At the same time, Pat was excited by the parallels between diverse disciplines and how a multidisciplinary approach might yield further insights into the nature of reality and the modern predicament of existential angst. During this period, he became more interested in chaos and systems theory as well as the metaphysics of Buddhism and sought a way to bring all of his knowledge together.
As a next step, Pat attended Coaches Training Institute and completed his studies in 2003. The Co-Active Coaching model spawned by Coaches Training Institute is highly respected and widely used in business and personal settings. He chose this specific path because it provided a flexible framework that acknowledges the wisdom of the client and the importance of co-creating a relationship for deep inquiry. It also stressed nonverbal ways of knowing and honoring the clients inner world as much as the outside physical world.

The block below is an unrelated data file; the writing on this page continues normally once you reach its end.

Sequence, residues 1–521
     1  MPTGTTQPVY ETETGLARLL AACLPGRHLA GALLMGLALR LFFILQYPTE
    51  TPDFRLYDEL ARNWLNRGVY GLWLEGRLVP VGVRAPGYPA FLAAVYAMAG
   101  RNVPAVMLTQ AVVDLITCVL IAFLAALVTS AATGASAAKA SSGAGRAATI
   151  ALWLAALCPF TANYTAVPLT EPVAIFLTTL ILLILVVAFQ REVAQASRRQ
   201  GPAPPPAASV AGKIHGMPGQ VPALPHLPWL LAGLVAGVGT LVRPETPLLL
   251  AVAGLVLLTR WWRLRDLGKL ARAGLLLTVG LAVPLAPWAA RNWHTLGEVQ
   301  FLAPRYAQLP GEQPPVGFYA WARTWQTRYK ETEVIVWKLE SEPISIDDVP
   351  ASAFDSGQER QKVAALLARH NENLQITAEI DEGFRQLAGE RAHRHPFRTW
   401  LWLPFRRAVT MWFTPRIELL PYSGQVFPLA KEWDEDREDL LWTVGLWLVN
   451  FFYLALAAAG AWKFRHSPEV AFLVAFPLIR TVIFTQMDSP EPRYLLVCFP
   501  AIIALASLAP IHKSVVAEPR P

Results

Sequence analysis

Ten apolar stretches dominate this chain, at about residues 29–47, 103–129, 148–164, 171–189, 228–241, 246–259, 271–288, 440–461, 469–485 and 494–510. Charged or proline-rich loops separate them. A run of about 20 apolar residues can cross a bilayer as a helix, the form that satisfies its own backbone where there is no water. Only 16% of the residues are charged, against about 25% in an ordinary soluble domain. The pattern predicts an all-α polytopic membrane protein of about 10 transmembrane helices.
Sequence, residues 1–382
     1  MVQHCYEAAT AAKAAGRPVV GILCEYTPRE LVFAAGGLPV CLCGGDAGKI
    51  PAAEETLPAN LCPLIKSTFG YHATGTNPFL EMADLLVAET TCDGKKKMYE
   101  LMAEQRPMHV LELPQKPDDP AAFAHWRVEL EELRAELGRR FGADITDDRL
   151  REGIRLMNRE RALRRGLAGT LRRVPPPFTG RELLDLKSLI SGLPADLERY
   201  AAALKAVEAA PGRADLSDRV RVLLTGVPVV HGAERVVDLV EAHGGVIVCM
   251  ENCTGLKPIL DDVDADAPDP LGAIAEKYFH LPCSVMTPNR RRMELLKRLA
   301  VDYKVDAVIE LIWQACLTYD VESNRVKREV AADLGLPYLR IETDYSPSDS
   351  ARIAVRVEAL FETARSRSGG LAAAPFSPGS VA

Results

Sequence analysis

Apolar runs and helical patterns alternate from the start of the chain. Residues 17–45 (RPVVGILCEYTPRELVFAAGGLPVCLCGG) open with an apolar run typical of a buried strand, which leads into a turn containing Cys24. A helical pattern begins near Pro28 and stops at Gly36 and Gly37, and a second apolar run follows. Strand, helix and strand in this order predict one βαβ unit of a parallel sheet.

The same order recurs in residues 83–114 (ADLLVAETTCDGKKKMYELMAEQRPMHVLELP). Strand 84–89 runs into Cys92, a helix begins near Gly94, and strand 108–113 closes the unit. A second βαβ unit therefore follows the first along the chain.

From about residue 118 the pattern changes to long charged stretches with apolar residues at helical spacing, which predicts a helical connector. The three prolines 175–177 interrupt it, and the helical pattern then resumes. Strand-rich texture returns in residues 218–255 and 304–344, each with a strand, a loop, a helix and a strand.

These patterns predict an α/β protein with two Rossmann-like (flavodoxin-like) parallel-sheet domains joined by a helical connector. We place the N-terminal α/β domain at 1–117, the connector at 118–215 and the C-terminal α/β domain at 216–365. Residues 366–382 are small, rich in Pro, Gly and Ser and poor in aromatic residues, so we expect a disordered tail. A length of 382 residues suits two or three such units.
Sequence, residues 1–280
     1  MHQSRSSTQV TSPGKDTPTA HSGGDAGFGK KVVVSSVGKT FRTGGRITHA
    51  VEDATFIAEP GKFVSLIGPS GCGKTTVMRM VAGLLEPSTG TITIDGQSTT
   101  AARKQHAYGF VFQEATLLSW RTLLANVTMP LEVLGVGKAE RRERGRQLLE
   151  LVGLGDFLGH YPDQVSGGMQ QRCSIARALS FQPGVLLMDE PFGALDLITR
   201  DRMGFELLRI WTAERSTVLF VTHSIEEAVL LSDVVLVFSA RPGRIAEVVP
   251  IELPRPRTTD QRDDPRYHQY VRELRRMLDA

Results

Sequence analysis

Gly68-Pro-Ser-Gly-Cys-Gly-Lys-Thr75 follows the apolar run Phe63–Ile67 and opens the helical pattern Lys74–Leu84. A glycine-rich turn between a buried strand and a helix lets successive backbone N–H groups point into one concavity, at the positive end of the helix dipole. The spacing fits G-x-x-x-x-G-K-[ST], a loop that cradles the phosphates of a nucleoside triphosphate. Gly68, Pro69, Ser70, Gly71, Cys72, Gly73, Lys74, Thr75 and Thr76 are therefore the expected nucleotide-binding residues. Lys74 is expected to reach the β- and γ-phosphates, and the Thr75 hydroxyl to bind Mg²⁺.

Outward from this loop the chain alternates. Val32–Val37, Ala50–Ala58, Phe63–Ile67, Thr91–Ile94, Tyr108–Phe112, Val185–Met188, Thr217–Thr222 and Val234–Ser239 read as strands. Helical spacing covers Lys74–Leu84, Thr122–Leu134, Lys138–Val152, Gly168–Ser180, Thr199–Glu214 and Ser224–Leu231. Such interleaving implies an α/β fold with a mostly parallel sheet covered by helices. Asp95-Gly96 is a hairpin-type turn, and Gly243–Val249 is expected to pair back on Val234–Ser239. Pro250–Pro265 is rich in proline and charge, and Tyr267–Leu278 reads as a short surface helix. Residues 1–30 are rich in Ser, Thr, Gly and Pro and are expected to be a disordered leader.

The Co-Active Coaching model was congruent with the practices of loving-kindness that Pat studied in Buddhism while incorporating the best insights from modern psychology. It approached problems from the perspective of curiosity and openness and emphasized cultivating self love. It was also effective when applied in a variety of environments and was adopted by IBM and other well-known companies as a best practice method. In short, it was a good fit for Pat given his previous experience and desire to do deep work with others.